I have a new journal article accepted into the IEEE Transactions on Neural Network and Learning System (official link; preprint). The work focuses on detecting an optimal number of features given a generic subset selection algorithm via a post-hoc Neyman-Pearson hypothesis test. You can find a Matlab implementation on Github.
My PhD research proposal was approved by my committee members on April 11, 2014. The general topic is to develop a computationally-efficient sequential learning framework — suitable for large scale or streaming data sets — that can determine the most relevant features for a user-defined objective function given no prior information. Some wrapper and embedded methods can select the most important features with little to no prior information; however, such methods must also learn the classifier parameters, which can be computationally burdensome or intractable for incremental learning or massive data sets. One of the goals of the proposed research is to develop a generalizable sequential learning subset selection (SLSS) framework that selects features most relevant for any objective function and can be paired with incremental learning algorithms. Such an approach has been largely under-explored and hence conspicuously missing in the literature despite an ever-increasing number of applications that desperately need fast computation and flexibility of optimization.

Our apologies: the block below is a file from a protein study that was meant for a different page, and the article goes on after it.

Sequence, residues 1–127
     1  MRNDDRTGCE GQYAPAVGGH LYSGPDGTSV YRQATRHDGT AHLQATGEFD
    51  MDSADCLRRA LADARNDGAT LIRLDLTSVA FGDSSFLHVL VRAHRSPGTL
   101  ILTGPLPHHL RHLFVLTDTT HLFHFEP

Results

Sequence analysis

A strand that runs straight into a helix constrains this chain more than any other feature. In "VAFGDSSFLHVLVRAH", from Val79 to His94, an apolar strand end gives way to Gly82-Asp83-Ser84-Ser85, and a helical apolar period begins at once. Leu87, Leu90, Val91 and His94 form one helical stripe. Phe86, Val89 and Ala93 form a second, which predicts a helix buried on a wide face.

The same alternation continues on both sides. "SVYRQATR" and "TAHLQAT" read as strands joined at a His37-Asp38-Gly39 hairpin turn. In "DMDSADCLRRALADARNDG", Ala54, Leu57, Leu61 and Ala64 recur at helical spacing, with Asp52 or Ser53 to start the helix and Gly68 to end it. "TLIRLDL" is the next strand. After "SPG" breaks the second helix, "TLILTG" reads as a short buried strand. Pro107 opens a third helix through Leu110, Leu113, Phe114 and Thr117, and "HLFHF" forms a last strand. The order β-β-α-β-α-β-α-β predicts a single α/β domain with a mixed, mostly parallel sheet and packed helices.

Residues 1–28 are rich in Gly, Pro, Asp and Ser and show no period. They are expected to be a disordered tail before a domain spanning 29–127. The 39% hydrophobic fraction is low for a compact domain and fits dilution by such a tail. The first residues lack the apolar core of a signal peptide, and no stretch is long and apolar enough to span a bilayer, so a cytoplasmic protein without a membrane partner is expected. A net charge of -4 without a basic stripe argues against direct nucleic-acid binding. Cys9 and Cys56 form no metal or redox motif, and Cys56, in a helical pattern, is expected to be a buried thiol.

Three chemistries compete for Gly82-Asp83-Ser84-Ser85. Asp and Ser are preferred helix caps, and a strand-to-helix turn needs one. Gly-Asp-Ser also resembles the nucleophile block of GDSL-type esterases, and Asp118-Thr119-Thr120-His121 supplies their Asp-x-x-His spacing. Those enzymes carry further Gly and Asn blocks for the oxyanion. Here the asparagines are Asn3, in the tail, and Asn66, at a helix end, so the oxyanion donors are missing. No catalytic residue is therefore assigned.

A manuscript I wrote with my advisors, Gail Rosen and Robi Polikar, has been accepted to appear in the proceedings of the International Joint Conference on Neural Networks (IJCNN). This manuscript continues the work that we wrote for the CIDUE in 2013, which examined the loss of a multiple expert system (MES) making predictions under the assumptions of concept drift.
I this latest manuscript, we dive further into the analysis from the previous work and form a more decisive upper bound on the loss of the MES. We also provided some experiments on real-world data streams support the analysis.
I have released the code for this manuscript on my Github page.
On a little be more of an odd note, I was making a presentation on PCoA and PCA in Python, and I wanted to put a funny picture at the end of the talk (right before we open up the shell and start writing code). I couldn’t help but think of the XKCD post on Python. It turns out that you can import anitgravity into Python! Give this a try: